Several articles published after an online chat / press conference with GM’s CEO Rick Wagoner are suggesting that GM is no longer guaranteeing 2010 as the year you’ll see the plug-in hybrid Volt on a production line.
Wagoner is saying that production of the Volt all comes down to the lithium-ion battery that would be needed to power the car. GM is currently bench testing batteries, but they’re not giving out any details, leading people to believe that things are not going as well as GM had hoped. (Lithium-ion batteries are proving problematic for others, also. Toyota recently announced that it will not be using lithium-ion batteries on the next generation prius due to safety concerns with the batteries.)
While GM says that they are still shooting for the 2010 goal, the fact that they’re looking for wiggle room so early doesn’t make it look good. They say that they, “continue to put massive resources into production as soon as possible.”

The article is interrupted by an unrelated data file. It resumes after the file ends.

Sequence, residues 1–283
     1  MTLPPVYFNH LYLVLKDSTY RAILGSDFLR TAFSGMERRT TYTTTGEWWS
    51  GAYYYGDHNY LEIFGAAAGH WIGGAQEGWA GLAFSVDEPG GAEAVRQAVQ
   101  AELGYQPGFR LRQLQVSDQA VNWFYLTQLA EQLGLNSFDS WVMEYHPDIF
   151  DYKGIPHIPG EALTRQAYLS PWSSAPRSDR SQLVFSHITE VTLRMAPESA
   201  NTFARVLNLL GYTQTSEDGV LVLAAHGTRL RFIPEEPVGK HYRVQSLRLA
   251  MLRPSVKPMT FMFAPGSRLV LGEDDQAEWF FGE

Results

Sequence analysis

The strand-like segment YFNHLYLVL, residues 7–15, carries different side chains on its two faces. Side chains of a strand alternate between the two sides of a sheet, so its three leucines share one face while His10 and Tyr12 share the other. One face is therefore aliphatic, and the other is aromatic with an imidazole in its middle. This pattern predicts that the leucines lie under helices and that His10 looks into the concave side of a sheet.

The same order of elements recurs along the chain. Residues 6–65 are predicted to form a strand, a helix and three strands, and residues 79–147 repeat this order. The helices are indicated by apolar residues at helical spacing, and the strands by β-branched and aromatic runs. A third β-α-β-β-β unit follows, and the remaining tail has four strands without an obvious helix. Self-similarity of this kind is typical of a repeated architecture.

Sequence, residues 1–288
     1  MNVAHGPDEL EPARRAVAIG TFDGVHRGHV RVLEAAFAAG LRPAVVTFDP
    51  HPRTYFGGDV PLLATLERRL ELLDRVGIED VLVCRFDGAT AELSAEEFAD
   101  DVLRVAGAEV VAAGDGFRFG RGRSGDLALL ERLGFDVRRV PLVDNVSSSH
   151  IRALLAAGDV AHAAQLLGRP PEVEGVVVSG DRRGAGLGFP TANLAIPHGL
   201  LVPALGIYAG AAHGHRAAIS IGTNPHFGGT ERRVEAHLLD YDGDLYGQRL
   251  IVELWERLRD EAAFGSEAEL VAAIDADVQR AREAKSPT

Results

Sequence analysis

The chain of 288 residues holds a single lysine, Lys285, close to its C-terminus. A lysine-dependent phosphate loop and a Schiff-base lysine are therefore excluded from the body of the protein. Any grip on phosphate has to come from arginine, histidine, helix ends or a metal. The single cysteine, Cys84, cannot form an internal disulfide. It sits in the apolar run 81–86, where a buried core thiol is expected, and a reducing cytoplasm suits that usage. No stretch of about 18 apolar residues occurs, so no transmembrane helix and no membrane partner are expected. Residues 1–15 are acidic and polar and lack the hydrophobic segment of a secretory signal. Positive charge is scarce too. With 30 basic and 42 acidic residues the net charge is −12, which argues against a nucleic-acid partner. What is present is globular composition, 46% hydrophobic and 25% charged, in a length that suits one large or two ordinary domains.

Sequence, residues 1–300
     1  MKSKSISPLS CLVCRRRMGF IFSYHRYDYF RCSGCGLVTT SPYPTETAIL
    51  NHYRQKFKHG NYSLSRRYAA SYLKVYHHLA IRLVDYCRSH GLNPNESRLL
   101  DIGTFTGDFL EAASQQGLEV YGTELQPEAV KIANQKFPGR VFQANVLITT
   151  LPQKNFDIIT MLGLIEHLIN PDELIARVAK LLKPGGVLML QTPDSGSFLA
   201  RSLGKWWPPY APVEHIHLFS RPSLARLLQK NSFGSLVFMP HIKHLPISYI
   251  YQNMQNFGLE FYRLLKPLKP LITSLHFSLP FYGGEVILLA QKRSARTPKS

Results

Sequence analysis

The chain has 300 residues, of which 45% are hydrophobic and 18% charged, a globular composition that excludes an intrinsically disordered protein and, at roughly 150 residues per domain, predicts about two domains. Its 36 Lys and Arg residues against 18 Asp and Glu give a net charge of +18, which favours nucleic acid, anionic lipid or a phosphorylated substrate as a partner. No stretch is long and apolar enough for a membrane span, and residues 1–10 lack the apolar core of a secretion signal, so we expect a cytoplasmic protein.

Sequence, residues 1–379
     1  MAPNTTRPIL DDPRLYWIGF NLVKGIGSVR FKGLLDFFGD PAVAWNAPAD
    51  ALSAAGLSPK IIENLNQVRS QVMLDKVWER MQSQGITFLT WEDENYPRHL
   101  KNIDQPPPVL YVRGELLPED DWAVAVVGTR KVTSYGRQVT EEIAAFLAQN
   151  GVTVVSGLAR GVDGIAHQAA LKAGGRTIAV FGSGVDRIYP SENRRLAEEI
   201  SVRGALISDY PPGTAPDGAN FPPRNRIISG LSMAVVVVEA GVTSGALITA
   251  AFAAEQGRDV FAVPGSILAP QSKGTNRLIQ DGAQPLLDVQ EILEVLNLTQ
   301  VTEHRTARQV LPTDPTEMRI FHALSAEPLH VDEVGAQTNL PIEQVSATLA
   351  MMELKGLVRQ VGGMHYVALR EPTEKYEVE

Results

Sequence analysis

The Chevy Volt, which is starting to show up in some GM commercials to help establish their green credentials, is expected to be able to travel up to 40 miles on battery power alone. When the battery power drops below a certain level, the battery would be recharged by an internal combustion engine that could be powered by an E-Flex internal combustion engine powered by either gasoline or ethanol.